Project Synopsis:
Taking Culture Seriously is a 5-year research program bringing together a variety of university and community partners in Toronto and Waterloo Region. These partners will explore how best to provide community-based mental health supports that are effective within a multicultural Canada. The purpose of the program is to explore, develop, pilot and evaluate how best to provide community-based mental health services and supports that will be effective for people from culturally diverse backgrounds. Objectives include:

  • To build a framework and strategies for community mental practice that can guide formal services and informal supports to be culturally empowering.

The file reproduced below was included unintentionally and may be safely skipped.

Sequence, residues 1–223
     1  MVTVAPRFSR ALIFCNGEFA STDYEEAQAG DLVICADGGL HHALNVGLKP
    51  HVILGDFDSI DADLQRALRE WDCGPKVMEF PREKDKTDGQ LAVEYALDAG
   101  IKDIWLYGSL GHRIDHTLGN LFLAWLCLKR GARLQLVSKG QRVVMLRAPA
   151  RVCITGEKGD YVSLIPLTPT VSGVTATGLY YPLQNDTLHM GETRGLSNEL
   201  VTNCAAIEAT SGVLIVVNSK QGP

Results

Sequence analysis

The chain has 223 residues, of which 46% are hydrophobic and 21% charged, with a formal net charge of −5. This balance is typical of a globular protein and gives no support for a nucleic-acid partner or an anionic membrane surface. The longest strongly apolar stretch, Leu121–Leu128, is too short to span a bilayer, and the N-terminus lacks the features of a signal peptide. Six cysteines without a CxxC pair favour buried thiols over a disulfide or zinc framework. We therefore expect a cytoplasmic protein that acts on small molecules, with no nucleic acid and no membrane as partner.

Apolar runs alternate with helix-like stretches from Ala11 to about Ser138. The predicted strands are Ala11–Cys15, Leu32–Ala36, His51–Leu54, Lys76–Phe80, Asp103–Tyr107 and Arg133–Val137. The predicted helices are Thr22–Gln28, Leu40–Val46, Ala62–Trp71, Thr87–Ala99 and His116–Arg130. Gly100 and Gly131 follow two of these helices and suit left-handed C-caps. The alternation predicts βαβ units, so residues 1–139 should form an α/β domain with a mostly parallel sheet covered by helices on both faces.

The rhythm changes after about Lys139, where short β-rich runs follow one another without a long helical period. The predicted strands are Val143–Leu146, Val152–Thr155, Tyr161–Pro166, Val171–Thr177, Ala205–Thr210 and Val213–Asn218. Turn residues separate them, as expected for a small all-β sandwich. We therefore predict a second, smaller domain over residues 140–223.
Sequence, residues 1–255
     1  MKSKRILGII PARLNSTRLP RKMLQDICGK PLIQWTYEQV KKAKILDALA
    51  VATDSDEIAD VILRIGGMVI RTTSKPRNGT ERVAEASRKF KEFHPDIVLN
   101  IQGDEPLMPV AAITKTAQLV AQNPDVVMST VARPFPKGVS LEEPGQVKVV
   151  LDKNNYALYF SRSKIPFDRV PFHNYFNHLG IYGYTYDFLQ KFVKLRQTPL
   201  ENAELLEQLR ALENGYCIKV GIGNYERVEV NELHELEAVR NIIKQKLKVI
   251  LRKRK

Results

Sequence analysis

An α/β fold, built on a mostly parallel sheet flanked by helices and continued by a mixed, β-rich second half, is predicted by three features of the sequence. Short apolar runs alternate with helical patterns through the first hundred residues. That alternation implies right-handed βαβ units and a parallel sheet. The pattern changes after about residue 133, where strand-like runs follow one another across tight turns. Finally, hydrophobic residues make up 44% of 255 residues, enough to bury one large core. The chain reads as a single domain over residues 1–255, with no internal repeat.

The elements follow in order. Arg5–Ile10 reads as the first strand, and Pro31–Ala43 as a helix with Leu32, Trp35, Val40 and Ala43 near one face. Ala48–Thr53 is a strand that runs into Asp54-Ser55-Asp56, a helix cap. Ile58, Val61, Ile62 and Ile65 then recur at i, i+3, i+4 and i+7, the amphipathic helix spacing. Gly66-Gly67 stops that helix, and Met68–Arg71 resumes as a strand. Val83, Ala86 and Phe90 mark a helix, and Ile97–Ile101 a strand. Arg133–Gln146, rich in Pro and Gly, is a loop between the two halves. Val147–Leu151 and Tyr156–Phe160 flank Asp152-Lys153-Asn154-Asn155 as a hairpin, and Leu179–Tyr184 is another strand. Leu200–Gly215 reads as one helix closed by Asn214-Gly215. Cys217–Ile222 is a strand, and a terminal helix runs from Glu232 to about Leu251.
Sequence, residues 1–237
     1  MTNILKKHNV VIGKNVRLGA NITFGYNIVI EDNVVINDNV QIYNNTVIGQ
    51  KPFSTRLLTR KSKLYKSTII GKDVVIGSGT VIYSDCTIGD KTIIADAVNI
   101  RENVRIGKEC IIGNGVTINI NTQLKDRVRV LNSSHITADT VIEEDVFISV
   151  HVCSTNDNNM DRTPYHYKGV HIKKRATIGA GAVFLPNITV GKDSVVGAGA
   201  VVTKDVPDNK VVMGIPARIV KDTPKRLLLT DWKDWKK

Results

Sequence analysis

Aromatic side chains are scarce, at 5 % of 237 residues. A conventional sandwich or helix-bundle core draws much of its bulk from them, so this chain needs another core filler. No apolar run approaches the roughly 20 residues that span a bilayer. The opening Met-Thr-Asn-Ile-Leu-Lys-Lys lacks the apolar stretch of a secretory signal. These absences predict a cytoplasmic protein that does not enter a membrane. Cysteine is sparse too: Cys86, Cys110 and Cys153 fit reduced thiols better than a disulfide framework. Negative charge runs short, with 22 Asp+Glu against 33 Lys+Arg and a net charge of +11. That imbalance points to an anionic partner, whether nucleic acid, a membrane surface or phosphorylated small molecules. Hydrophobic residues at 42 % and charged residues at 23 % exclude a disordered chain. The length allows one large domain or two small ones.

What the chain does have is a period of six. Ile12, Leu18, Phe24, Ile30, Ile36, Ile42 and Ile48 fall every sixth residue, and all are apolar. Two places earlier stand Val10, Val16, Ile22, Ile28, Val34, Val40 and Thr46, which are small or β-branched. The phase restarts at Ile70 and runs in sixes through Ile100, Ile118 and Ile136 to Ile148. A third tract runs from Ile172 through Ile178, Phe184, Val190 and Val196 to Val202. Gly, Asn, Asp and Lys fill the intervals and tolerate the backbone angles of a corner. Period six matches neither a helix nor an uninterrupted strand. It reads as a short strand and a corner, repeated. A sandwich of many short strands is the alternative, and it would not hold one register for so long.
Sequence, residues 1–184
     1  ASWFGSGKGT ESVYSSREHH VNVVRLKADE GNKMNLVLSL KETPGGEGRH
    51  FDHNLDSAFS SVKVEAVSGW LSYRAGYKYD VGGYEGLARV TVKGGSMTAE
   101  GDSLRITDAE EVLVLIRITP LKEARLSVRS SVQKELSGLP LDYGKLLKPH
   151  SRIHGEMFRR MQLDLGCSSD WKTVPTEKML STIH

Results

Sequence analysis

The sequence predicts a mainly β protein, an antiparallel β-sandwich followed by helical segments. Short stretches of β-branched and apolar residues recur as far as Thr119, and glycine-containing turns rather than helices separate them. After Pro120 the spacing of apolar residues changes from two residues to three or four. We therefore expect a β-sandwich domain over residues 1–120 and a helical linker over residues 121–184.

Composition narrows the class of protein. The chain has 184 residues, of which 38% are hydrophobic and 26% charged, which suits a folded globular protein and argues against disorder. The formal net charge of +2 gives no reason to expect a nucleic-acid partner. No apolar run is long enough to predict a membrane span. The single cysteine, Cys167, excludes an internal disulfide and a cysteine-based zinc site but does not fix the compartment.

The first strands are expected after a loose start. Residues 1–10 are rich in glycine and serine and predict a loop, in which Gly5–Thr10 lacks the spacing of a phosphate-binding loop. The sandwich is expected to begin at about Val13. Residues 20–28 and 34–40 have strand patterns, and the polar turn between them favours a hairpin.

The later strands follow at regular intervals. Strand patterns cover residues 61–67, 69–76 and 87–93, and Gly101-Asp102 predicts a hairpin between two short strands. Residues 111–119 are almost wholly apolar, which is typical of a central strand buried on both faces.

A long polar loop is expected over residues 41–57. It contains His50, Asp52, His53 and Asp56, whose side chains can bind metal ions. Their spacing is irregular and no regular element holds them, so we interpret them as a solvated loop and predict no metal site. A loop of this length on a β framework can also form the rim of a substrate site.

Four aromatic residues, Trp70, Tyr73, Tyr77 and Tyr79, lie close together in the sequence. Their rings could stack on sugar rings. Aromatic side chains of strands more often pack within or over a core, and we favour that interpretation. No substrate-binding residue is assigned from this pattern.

• To develop, pilot, and evaluate innovative demonstration projects that promote culturally-empowering community mental health services and supports.

  • To disseminate and transfer knowledge gained to mental health service users, practitioners (mental health, and ethno-racial service providers), students, policy-makers, and academics.

  • To model participatory inquiry and partnership research in building applied knowledge, informing new practice, and training diverse groups.

The research is intended to have relevance for the range of cultural-linguistic diversity within multicultural Canada. This program uses a Participatory Action Research approach (PAR). Participatory action research can be defined as: